Thomas Wodehouse’s A Grammar of Socialism

A guest blog by Kayley Davies, Alexandra Gunn, Ben Littlejohns, James Lansdale and Julia Smith from the University of Manchester about Thomas Wodehouse’s 1884 pamphlet A Grammar of Socialism.  The students visited the Labour History Archive & Study Centre as part of their Archival Project for ‘Christianity, Culture and Society 1750-2000’.

The Source and Author                

A Grammar of SocialismA Grammar of Socialism is a pamphlet by Thomas Wodehouse, the curate of the Savoy, and published in 1884. The source is written in a question and answer style and was sold for a tuppence. The text addresses the population as a whole and transcends class barriers. It is likely to have been used to educate people of the ideas and definition of Christian Socialism, including questions such as, ‘what is Socialism, and what is its aim?’ Through the question and answer structure, the pamphlet is able to put forward the basic and also more elaborate ideas of Socialism. These main ideas focus on right and wrong and the three maxims that all should work, consume only what they need and distribution their remaining wealth. It is important to remember that as the author is writing to promote Christian Socialism, he is writing with an element of bias.

The Context of the Time

The end of the 19th century was no less tumultuous than the start. Although working men had been granted partial suffrage under the Reform Act of 1867, the impact of the Charter Movement continued to be felt. The increasing awareness of the need for change is most obvious in the establishment of the Socialist Democratic Federation in 1881, and the subsequent split with the Socialist League in December 1884. Upon its foundation, it ran on a very progressive platform, calling for a 48 hour work week, an end to child labour, and equality for women. Though it is somewhat outdated, Torben Christensen’s Origin and History of Christian Socialism, 1848-1854 provides an excellent introduction to the context in which Christian Socialism emerged.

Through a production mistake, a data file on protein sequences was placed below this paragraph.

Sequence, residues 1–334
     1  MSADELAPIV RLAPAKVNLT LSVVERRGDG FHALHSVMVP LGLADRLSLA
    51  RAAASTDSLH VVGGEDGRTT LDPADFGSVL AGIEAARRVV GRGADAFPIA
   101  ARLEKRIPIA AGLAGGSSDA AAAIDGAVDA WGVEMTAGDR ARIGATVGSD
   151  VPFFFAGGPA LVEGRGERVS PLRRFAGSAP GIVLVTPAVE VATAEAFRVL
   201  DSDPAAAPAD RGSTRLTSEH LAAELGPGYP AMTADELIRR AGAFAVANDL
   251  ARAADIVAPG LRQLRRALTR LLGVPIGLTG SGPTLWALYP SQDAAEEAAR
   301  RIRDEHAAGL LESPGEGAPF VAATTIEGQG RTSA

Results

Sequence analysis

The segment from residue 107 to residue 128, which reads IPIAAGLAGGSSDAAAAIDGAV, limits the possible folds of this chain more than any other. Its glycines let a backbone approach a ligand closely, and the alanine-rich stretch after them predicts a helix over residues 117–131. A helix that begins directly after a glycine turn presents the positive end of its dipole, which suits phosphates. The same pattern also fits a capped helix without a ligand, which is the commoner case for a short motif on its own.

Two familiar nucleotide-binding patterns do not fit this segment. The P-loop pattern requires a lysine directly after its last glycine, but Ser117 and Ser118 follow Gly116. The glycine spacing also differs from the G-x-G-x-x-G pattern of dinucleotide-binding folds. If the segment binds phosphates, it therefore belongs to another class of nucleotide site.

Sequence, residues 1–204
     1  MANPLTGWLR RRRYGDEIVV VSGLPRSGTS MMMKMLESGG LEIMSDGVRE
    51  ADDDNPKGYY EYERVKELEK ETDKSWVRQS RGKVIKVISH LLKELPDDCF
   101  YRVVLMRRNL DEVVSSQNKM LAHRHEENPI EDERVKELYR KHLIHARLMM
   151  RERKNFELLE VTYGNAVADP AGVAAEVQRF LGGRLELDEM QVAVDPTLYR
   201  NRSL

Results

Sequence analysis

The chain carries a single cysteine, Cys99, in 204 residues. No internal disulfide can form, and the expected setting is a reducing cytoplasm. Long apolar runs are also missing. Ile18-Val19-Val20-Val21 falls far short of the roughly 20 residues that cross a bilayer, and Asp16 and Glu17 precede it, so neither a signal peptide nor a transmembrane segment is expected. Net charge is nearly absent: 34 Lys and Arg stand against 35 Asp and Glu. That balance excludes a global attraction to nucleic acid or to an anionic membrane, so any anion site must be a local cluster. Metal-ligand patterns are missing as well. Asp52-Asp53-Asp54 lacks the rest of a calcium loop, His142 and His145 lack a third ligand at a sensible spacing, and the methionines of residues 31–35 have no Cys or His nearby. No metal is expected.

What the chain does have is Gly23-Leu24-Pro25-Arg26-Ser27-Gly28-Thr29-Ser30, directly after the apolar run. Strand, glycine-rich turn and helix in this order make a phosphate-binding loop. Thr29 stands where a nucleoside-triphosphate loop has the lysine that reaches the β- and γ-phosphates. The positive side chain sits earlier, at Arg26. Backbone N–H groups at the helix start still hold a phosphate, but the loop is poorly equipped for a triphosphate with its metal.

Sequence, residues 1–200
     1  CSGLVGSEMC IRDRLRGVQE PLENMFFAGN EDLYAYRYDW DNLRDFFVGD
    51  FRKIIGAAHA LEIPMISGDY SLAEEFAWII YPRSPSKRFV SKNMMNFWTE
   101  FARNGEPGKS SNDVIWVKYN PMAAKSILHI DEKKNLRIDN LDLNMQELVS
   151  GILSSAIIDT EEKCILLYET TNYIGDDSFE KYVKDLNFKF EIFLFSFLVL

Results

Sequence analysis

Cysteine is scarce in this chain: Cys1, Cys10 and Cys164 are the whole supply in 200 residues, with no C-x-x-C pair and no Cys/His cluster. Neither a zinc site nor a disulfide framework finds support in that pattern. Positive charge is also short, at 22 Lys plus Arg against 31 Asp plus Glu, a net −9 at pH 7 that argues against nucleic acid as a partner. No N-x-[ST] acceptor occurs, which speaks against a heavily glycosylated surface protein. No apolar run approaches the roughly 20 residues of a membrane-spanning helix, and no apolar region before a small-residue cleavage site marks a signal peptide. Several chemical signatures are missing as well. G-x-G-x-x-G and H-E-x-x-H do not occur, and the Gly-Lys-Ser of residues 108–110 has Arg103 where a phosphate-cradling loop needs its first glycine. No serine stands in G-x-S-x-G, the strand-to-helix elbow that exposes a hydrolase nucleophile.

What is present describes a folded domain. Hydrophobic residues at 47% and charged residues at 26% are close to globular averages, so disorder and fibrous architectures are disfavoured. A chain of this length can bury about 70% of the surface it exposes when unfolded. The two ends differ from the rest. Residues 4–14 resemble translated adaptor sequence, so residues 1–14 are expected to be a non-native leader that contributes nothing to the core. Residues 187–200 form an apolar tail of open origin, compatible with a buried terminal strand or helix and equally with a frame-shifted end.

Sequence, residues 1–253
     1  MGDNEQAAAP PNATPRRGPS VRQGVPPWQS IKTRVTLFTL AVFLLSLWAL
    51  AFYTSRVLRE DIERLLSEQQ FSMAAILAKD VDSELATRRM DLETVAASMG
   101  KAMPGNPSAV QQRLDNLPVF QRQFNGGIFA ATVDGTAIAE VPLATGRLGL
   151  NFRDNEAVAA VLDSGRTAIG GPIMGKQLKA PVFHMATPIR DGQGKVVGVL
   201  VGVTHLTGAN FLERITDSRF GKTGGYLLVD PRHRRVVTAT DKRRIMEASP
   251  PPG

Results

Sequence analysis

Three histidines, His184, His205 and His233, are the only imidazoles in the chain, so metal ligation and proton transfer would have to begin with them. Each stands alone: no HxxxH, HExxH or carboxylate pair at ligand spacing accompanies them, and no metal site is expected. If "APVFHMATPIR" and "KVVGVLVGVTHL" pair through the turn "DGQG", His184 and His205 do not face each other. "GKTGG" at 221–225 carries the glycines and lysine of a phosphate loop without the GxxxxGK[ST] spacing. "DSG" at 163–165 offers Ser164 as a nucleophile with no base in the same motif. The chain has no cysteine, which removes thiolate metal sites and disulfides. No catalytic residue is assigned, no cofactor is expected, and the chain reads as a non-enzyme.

Religion at the Time of Production    

By detailing the need for money to alleviate the problems the poor faced, the demand for support from the upper classes is important to Christian Socialists.

By assisting the poor with their monetary concerns, Christian Socialists seek to rid the issue of poverty within the working classes of their society. As the movement acted on behalf of the poor, it can show the lack of interaction the working class had within religious institutions. The pamphlets desire to distribute large sums of money amongst orphanages could be linked to the Sunday School movement that arose throughout the 19th Century, striving to provide a basic literary education to children through a biblical context.

Why Study the Work?

This pamphlet is emblematic of certain Christian socialist ideals and therefore is a particularly interesting and useful text to highlight. Christian socialism emerged in response to the widespread poverty that was afflicting the working classes in late Victorian London. The text reveals their core belief that Christians should be active in society on a practical level. The insistence on the redistribution of wealth shows us that although spiritual and moral reform was a concern, it never constituted a focus for the Christian socialists. Instead, they believed that those in poverty must first be alleviated from their situation before they could be reformed spiritually. The pamphlet’s emphasis on the physical conditions and suffering of the working class represents the contrasting position the Christian Socialists had to the evangelicals in this period, who were distinctly concerned with moral regeneration and ‘soul-saving’.

Relevance to Contemporary Faith Groups

It is important to look at the work of early Christian Socialists as their work has inspired and led the way for followers of the movement today. Wodehouse’s pamphlet is relevant as it helps us understand the ideas of the early development and is easily read. The work defines socialism as one that ‘promotes the temporal welfare of the whole community.’ This is still the overall belief of Christian Socialism, further demonstrating the relevance of the piece. These 19th century ideas can also be observed through contemporary Christian faith groups and their use of foodbanks and Christian aid in order to provide for those who are without. Modern Christian Socialist, Kenneth Leech demonstrates how these ideas of Christian Socialism are still relevant as he states:

‘The only theology to which I am committed is one which is part of the current liberation.’

Further Reading

Leech, Kenneth. The Sky is Red: Discerning the Sign of the Times. London: Darton, Longman and Todd.

Norman, Edward R.. The Victorian Christian Socialists. Cambridge: Cambridge University Press, 2002.


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